ARRS 2022 Abstracts


E1685. MRI Findings Predisposing to Rotator Cuff Augmentation Failure
  1. Kimberley Brown; McGovern Medical School
  2. Manickam Kumaravel; McGovern Medical School
  3. Gregory Blazek; McGovern Medical School
Rotator cuff tears are common injuries amongst adults of all ages, with irreparable rotator cuff tears being shown to lead to tendon retraction, inelasticity, muscular atrophy, and fatty infiltration. Various procedures are available to restore stability and function; for example, rotator cuff augmentation with superior capsular reconstruction utilizing a dermal graft; however, little information is known about the biological fate of these grafts in human subjects. The purpose of this study is to analyze MRI findings before and after rotator cuff augmentation to identify pre-surgical factors that may predispose to augmentation repair failure, defined as Sugaya classification 3 or greater. In addition, this study will describe imaging findings associated with rotator cuff augmentation failure.

Materials and Methods:
In a retrospective study, the imaging and surgical data from 27 patients who have previously received elective augmentation rotator cuff repairs at Memorial Hermann have been analyzed. Patients were collected through a PACS boolean search and pre- and postoperative imaging findings were reviewed. Specific imaging findings, such as tendon injured, muscle atrophy, joint effusion, bone quality, tendon/graft tear size in craniocaudal (CC) and anterior posterior (AP) dimensions, graft characteristics were documented, along with the time from initial imaging to post-operative imaging. A focus was placed on postoperative graft thickness and characteristics to assign a Sugaya classification, with class 1–2 defined as graft success and class 3–5 defined as graft failure.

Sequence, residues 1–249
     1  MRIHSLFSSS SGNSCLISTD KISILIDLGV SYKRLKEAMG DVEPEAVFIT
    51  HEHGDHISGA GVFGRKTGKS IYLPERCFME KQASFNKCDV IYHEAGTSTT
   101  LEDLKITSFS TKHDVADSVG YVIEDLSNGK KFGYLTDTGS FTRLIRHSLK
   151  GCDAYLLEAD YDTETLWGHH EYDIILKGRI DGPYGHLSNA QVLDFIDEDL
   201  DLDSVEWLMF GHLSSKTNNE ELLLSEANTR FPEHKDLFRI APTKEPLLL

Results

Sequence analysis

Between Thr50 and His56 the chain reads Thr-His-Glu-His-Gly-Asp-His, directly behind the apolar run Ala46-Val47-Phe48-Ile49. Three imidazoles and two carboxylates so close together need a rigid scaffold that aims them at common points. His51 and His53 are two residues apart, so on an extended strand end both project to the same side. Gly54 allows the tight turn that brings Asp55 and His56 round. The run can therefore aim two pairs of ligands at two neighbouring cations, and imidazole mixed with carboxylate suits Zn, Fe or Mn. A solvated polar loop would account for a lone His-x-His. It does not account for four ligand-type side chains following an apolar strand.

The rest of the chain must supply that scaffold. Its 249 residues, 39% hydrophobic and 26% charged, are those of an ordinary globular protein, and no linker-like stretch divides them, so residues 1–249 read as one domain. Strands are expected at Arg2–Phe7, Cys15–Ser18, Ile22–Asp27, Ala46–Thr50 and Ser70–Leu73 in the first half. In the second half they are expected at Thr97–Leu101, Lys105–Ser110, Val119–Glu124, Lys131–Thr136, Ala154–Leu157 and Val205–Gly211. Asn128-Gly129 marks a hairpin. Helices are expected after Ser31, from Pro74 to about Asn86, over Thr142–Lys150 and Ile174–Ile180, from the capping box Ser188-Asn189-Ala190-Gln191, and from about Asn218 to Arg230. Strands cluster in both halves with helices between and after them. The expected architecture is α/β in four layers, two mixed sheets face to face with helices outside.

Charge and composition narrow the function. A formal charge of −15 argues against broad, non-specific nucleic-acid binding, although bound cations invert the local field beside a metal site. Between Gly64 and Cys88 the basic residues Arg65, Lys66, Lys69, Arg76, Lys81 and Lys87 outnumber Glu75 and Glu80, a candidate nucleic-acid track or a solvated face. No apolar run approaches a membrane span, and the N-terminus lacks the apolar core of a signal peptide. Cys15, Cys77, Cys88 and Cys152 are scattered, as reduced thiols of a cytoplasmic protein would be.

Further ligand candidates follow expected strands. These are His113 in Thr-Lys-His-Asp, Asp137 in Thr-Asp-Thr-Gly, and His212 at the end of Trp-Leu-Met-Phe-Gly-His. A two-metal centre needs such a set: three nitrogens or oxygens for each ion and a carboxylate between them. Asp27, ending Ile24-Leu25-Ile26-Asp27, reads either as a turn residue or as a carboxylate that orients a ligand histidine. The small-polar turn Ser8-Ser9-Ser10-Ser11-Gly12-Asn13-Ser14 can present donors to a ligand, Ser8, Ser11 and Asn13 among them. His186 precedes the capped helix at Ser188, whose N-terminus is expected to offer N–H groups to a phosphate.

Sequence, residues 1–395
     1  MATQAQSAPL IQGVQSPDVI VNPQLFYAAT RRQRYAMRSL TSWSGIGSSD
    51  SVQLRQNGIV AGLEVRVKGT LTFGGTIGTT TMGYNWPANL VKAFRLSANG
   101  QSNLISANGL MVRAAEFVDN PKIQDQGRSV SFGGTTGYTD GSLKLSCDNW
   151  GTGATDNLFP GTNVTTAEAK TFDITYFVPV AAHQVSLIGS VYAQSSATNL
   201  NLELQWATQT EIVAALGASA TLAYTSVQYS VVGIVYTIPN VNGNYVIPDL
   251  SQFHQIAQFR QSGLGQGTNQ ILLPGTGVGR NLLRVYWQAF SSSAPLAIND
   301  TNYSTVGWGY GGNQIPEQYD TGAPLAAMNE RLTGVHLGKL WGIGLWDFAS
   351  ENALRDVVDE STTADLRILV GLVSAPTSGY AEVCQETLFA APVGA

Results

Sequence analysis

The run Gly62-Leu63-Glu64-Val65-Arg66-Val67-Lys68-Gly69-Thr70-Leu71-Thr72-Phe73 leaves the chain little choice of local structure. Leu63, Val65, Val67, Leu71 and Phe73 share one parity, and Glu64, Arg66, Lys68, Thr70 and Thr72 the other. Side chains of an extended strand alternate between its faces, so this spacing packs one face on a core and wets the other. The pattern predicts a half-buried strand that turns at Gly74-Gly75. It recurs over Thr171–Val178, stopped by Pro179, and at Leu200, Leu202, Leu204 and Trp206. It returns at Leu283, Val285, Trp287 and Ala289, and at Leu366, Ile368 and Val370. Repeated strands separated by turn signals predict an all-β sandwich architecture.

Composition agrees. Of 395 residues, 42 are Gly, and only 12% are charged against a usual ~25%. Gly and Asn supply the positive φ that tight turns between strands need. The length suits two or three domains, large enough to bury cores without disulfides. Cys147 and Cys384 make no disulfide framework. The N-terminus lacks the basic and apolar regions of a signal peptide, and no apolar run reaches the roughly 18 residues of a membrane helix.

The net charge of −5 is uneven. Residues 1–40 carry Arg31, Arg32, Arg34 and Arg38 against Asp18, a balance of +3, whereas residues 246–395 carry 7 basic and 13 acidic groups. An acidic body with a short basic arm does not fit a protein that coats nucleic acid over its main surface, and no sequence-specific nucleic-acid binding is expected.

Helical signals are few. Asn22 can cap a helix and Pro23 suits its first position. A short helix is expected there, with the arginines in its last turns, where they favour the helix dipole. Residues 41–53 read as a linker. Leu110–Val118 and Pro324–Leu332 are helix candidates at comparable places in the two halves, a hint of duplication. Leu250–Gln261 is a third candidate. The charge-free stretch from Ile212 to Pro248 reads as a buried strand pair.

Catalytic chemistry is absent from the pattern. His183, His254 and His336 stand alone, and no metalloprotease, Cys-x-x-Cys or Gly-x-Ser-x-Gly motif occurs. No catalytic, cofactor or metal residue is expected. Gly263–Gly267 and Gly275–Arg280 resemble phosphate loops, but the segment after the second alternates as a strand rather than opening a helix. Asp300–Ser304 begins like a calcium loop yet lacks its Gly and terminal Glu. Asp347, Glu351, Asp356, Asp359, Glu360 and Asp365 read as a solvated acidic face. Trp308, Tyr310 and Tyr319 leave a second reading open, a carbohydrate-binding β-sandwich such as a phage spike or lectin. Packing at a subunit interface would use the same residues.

Fisher's exact test was used to evaluate association of graft characteristics with outcomes, and a multivariable logistic regression analysis was performed for graft success. Variables having p values less than 0.2 in univariate analysis included CC tear thickness, AP tear thickness, pre-op glenohumeral fluid, pre-op subacromial fluid, and pre-op effusion. The two thickness variables showed moderate correlation (r = 0.55, 95% CI 0.14–0.79). A forward stepwise selection algorithm with Akaike information criterion was implemented to select thickness (AP) and pre-op effusion as variables of interest. AP thickness was broken down by median (= 18 mm) and pre-op effusion was dichotomized to levels 0 (absent) and 1–3 (present). A statically significant correlation was noted between graft failure and pre-operative tear thickness in AP dimension (p = 0.032) and pre-operative joint effusion (p = 0.055).

Based on the current data and analysis, the size of the rotator cuff tear and size of effusion have shown to be correlated with rotator cuff graft failure, with post-operative graft classified as Sugaya 3 or greater. With continuation of this study and expansion of the data, our goal is to identify a concrete set of imaging findings that can predict poor graft outcomes or failure. This will in turn help surgeons identify non-ideal patients for superior capsular reconstruction and provide alternate treatment options.